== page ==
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May
22
2012

Evolution of Custom Gaming PCs: What Really Made the Difference

For as long as there have been PCs, there have been PC gamers. Of course, things have changed a lot since back when people were trying to break their high score on a Commodore 64 playing Dig Dug. Even 10 or 15 years ago, the market for a dedicated gaming computer was still just coming into its own. Even then, all we had were basic white box computers for playing solitaire and minesweeper.

The market began to open up for custom gaming PCs after a number of innovations that really started to make it a unique and special product segment. Suddenly a serious PC gamer had a whole range of new options to build a high-performance computer that featured upgrades allowing them to get ahead and dominate the competition. And now, custom PCs have moved beyond just being competitive, they're focused on creating an incredible gaming experience with multiple video cards, three monitors, and mainstream liquid cooling options.

An Evolving Experience

Today, we gamers, take it as a mark of pride when our rigs can run the latest next-gen games at the highest resolution with maximum visual settings without experiencing any lag or. Today's next-gen PC gaming titles being run on a panoramic triple display setup would make a mere off-the-shelf computer whimper in fear. In order to meet the demands of these games (and gamers) the gaming experience has evolved significantly over the last decade or so, propelled by some important innovations.

Graphics Cards

Inevitably, the visual graphics are the first thing people want to know about when you talk about a gaming PC. Detailed high-resolution graphics and killer frame rates can make the difference between an immersive, satisfying experience and one that leads to frustration and you hurling your keyboard against the wall.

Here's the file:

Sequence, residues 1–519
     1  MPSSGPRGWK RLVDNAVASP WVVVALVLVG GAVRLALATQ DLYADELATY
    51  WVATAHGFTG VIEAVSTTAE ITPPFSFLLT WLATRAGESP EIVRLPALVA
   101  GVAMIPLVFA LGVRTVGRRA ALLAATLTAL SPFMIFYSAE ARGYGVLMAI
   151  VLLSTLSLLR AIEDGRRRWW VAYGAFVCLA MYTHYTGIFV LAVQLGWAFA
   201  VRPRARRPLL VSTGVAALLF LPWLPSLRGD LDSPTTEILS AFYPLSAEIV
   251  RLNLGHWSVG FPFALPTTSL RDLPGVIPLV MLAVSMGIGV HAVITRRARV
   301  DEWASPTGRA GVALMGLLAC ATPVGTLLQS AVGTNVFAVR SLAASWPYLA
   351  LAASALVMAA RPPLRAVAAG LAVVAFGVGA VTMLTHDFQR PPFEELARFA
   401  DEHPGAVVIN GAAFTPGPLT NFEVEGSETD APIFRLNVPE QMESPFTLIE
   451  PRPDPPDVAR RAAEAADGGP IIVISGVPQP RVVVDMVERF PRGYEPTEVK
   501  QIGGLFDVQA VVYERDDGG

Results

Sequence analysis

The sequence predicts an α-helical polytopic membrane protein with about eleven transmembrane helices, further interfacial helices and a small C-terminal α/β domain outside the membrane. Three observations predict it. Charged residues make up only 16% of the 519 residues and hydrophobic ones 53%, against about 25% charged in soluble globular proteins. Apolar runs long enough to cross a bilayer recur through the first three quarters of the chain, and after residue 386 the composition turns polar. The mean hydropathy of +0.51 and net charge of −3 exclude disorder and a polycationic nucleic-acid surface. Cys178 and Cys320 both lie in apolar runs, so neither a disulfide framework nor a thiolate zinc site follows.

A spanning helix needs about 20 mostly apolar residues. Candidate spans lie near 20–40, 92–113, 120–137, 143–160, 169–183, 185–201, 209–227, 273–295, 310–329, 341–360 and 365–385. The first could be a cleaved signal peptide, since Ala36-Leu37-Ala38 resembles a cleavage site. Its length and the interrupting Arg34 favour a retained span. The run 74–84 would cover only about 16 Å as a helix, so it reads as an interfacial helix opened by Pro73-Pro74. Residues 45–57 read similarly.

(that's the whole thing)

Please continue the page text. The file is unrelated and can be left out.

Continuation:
One of the first innovations in graphics card technology came with the GPU (graphics processing unit), which relieved the graphic processing burden off the CPU and took over the massive algorithms for parallel processing 3D graphics. That alone wasn't enough to keep up with today's cutting edge games, though, which is why NVIDIA developed its SLI technology that allows users to connect multiple cards together to render scan lines separately.

Processors

For years, CPU manufacturers pushed to deliver higher and higher clock speeds. One innovation gradually led to another until, in the early 2000s, the Pentium 4 made a huge leap forward and doubled its speed from an average of 1.5GHz to just over 3.06GHz. In recent years, though, we've hit a plateau near 4GHz (not overclocked stock speeds). It's becoming more difficult to increase clock rates while shrinking the die size of the CPU. This is not a bad thing, though, because it just means the focus has changed from clock speed to the number of cores you can fit in a machine. Now we have six core desktop processors and even eight core Xeon server CPUs.

Cooling Systems

When Crysis or Battlefield 3 started to bottleneck the CPU with multiple video card configurations, a lot of gamers started overclocking their CPUs to boost performance. With the CPU running hotter due to overclocking, gamers began to focus more on the CPU cooling system. When you're pushing the processor to its limits on these games, a simple fan and heat-sink just isn't going to cut it. The first major innovation came with liquid cooling options, which were a lot quieter and far more effective. At Digital Storm, we've taken it a step further with our Cryo-TEC cooling system which uses a thermoelectric cold plate and control system to pump below 0C fluid to the processor to unlock even higher overclock speeds reliably.

Large Scale Customization

In the end, what really affected the evolution of the gaming PC market was the ability to customize the experience on a grand scale. Simply offering a single, ultra-high-performance configuration would be fine for the hardcore players, but it wouldn't meet the needs of all those gamers looking for a special and unique personalized product compared to an off-the-shelf model.

Some gamers might want a Solid State Drive (SSD) for an overall smoother experience while others would prefer saving their money for a better graphics card. Whatever the situation is, the ability to deliver customized PCs to anyone based on their specific needs has really changed the way we look at computer gaming.

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